Michael Grijalva says he’s always been mechanically inclined, taking things apart as a kid and fixing cars as he got older.

But he wasn’t sure of a career as he moved toward graduation from Desert View High School last year.

Now, after completing an internship last summer at Sargent Aerospace and Defense in Marana, Grijalva, 19, is laying the foundation for a career by working part time as a mill operator at Sargent while taking advanced machining courses at Pima Community College.

“The internship helps you see if it’s what you want to do. … It lets you get your feet wet,” Grijalva said. “It’s well worth it — it’s a great opportunity.”

Creating more great opportunities is the aim of Southern Arizona Manufacturing Partners (SAMP), a group of local manufacturers looking to expand an internship program seen as key to filling the pipeline for machinists and other manufacturing workers.

Demand for machinists is expected to grow by 9 percent through 2022 — about the same as the average for all occupations — with operators of computer-controlled machines in the highest demand, according to the U.S. Bureau of Labor Statistics. Experienced machinists can make more than $20 an hour, with a median pay of $19.67 in 2012, according to the BLS.

Formed in mid-2012 as the Machining Industry Sector Engagement Group to address a shortage of entry-level machinists, SAMP has grown from a dozen participating companies to 26 industry members now, ranging from small machine shops to Sargent and Raytheon Missile Systems, the area’s biggest private employer.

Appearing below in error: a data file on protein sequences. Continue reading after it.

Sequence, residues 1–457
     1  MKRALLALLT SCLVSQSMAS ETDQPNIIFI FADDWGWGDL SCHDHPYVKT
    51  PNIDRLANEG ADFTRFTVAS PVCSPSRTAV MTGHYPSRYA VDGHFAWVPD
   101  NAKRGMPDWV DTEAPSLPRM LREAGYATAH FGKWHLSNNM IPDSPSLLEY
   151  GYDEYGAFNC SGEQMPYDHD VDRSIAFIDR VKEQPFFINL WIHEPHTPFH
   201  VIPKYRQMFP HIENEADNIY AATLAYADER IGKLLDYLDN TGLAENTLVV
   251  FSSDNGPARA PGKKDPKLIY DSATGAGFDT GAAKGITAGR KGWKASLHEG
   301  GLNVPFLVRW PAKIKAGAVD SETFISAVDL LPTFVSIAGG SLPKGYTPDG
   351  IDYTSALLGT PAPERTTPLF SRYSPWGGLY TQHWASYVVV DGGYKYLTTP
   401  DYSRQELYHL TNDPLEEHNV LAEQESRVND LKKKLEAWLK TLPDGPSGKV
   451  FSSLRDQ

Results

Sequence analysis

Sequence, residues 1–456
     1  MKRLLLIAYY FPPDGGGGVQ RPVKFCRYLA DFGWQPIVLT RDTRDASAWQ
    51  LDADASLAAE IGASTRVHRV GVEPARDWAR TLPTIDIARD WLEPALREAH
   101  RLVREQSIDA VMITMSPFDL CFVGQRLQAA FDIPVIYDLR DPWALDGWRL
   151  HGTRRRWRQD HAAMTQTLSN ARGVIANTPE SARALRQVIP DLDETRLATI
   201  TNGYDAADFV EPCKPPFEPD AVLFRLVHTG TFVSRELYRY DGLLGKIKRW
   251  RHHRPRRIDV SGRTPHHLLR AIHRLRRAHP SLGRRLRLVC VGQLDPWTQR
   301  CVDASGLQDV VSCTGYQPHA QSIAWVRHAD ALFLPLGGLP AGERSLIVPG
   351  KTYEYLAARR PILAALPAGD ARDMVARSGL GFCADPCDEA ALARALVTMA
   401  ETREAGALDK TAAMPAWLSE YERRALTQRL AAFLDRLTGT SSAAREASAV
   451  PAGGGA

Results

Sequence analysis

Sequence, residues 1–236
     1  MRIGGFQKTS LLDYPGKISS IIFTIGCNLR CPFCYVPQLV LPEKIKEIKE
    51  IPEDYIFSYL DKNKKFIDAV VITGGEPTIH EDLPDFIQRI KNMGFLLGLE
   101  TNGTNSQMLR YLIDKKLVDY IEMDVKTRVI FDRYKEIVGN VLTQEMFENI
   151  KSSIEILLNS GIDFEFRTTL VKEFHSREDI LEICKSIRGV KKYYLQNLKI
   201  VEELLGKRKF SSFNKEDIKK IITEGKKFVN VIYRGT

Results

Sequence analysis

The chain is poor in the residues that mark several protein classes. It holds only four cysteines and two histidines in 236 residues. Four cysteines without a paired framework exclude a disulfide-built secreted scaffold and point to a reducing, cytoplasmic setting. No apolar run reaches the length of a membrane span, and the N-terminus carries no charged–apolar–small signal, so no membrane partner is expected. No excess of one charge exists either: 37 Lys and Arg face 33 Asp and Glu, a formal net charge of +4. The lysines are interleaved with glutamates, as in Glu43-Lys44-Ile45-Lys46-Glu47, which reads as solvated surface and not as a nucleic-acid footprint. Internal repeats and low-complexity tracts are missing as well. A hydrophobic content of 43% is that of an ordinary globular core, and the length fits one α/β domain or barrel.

The SAMP program offers eight-week internships in which students are paid $8.50 per hour and get tuition help to take corresponding machining classes at Pima.

Other non-industry partners of the group include Pima County One-Stop Career Centers, which seeded an initial internship program and funds intern tuitions; PCC; Tucson Magnet High School and Desert View; and the Pima County Joint Technical Education District, which supports career and technical education in local schools.

All 12 interns from last summer’s program completed their stints — except for one who decided to join the military. Of the rest, 10 landed continuing internships with their host companies, and the remaining student quit school but got a job at a SAMP-member machine shop, said Jim Mize, manager of business services for Pima County One-Stop and a SAMP leader.

The manufacturers group plans to expand and refine the program this summer.

So far, the program has interest from about 25 students at the two participating schools with the required machining facilities, Tucson High and Desert View.

“We’re going to have more kids this year, which means we have to develop more companies and maintain the companies we’ve got,” Mize said at a SAMP meeting last week.

The group also has worked with PCC to create dual-enrollment credits for high school students and refine its machining curriculum to meet industry needs. The group also has added a second-level internship track and is working with PCC and the high schools to offer industry certification for machining students.

While last year’s program essentially took all applicants, the heightened interest and some rough spots in the initial program have prompted SAMP to refine its interviewing process, said Don Theriault, president of Tucson-based Industrial Tool, Die and Engineering and a SAMP leader.